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July 11, 2011

The Jorgensens Make Show Jumping At Spruce Meadows A Family Affair

Members of the NorCal 4 Play team (From left: Abby Jorgensen on Toyster Gold, Madison Bradshaw on Katina 12, Eleanor Hellman on Desperado 166, and Sara Jorgensen on E-Star) finished second in the 1.30 meter Prix des Nations at Spruce Meadows with the help of Chef d'Equipe Guy Thomas (center). Photo by Cansport At Spruce Meadows.

For most amateur riders, taking second place in a Prix des Nations competition at Spruce Meadows (Alta.) would probably rank high on a list of proudest achievements. For Sara Jorgensen, the satisfaction was doubled—her 14-year-old daughter Abby was another member of the team.

“When we were lined up for ribbons, I couldn’t even look at her,” Sara said. “I knew I would burst out in tears if I did, so I just kept looking down at my horse and adjusting my reins. I was so full of pride. It was a really good moment.”

Sara and Abby clocked one clear round and one 4-fault round each on their way to their second-placed finish in the 1.30-meter Prix des Nations, held June 23 during the Skyliner week of the Spruce Meadows summer tournament. Eleanor Hellman and Madison Bradshaw rounded out the NorCal team with mother and daughter.

“Our team was really a super experience because not one person stood out in a bad way or a good way,” said Sara. “Each person had at least one clean round. I don’t think anyone expected the NorCal team to do as well as we did, and it was a thrill to share it with the two other girls. I thought, ‘I really like this team thing!’ ”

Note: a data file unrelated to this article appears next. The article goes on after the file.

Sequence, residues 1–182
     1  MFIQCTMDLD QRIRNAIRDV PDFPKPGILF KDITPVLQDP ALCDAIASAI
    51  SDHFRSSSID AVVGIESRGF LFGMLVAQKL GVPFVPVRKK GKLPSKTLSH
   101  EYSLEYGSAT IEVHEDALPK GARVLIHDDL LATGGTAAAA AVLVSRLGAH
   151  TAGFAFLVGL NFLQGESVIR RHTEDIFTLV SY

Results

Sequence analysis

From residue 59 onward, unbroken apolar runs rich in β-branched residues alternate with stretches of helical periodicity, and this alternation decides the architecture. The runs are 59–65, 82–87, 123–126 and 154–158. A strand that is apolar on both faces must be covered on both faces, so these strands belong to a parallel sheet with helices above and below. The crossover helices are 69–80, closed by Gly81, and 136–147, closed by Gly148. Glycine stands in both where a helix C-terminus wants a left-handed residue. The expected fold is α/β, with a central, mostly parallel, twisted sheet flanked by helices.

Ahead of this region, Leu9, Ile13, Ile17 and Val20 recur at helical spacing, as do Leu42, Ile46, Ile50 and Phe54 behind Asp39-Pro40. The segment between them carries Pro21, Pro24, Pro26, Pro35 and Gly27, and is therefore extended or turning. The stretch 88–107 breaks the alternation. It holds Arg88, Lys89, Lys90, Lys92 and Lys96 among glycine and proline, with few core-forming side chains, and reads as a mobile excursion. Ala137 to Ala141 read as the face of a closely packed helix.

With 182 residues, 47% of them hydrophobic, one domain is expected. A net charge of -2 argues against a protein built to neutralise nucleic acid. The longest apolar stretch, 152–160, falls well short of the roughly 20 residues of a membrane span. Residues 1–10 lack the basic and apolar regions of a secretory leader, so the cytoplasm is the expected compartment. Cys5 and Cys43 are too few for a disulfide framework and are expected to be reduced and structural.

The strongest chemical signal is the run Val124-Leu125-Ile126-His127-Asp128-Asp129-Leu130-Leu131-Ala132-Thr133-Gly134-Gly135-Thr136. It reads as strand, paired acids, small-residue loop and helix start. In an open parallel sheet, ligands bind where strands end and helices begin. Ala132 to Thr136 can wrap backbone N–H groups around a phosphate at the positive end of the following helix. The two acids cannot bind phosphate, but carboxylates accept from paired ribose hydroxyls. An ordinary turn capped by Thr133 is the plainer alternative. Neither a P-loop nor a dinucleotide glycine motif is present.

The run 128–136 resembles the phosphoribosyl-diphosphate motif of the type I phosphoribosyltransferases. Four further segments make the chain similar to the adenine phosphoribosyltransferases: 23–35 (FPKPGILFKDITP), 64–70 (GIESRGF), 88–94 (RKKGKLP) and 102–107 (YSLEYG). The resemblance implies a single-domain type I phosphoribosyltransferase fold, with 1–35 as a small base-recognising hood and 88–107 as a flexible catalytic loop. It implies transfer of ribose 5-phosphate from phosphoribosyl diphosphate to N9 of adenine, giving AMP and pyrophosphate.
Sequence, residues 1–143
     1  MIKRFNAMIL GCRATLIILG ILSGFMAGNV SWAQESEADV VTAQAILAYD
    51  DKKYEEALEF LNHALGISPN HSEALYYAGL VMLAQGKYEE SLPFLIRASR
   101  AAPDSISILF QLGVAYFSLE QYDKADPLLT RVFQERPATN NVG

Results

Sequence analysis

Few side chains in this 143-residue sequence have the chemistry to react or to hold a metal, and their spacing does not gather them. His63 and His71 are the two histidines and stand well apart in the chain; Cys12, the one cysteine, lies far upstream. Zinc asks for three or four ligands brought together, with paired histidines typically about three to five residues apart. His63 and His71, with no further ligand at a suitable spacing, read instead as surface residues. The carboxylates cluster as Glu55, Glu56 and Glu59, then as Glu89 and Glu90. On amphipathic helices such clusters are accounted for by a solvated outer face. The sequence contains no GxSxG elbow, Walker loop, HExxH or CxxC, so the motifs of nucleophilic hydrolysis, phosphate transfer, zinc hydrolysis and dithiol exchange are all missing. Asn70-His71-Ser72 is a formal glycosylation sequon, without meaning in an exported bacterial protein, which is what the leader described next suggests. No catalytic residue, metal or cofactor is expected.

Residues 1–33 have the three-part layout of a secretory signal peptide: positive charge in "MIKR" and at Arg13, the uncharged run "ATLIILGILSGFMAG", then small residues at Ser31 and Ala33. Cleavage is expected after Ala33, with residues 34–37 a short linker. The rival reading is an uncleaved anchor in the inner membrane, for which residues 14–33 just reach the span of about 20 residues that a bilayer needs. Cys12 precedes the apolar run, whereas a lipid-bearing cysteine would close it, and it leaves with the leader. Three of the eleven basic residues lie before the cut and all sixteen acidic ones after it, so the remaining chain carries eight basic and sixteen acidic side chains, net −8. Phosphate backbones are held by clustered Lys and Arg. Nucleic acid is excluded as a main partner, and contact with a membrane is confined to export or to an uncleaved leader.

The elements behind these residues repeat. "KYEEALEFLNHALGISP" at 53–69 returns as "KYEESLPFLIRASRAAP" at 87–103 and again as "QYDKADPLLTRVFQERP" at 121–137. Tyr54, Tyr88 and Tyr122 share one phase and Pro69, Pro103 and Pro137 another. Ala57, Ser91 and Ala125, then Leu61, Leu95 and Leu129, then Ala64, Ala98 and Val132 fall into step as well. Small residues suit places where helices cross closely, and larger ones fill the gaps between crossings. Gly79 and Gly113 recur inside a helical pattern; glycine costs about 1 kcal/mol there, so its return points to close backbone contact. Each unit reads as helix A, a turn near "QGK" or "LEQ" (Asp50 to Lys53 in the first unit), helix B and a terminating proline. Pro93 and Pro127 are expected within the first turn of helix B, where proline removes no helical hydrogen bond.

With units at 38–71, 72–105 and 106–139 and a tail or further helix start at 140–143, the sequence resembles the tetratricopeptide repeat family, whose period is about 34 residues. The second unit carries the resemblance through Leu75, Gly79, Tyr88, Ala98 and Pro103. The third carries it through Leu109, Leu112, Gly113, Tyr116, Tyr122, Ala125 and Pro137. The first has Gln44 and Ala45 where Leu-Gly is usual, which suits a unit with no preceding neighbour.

The Jorgensens spent two weeks in Canada. This year was Abby’s first time showing at Spruce Meadows. She competed Toyster Gold, an 11-year-old Dutch Warmblood (Lancelot—Oystergold) mare leased from Abby and Sara’s trainers—Guy, Butch and Lu Thomas of Willow Tree Farm. Guy Thomas also served as chef d’equipe for the Prix des Nations team.

“You kind of always had to be on your A-game because it was tough,” Abby said. “I liked it because the tougher competition and tougher courses make me ride better, but they were tricky. Toyster’s really cool. She has a lot of jump in her, and she’s very honest, but she’s a little spooky—at Spruce I went in the ring, and she spooked at a flowerpot. But I think it makes her a good jumper; she doesn’t want to touch a rail.”

A Chance For Good Sportsmanship

Sara, Woodside, Calif., wasn’t intending to compete alongside her daughter. But when she sold her 1.40-meter jumper and purchased E-Star, a 7-year-old Belgian Warmblood (Quick Star—Florentina I) mare this spring, Sara found herself back in the lower levels. At the same time she was starting her younger horse out in the 1.30-meter jumpers, Abby was moving up to that height.

“This year we met in the 1.30-meters. I don’t know if it’s weirder that I’m old or she’s young,” Sara joked. “When I bought the younger horse, my trainer said, ‘You know, you may be competing against your daughter.’ It’s been a really odd year but really fun. She’s an easy kid to be around, so it hasn’t been awkward or anything.”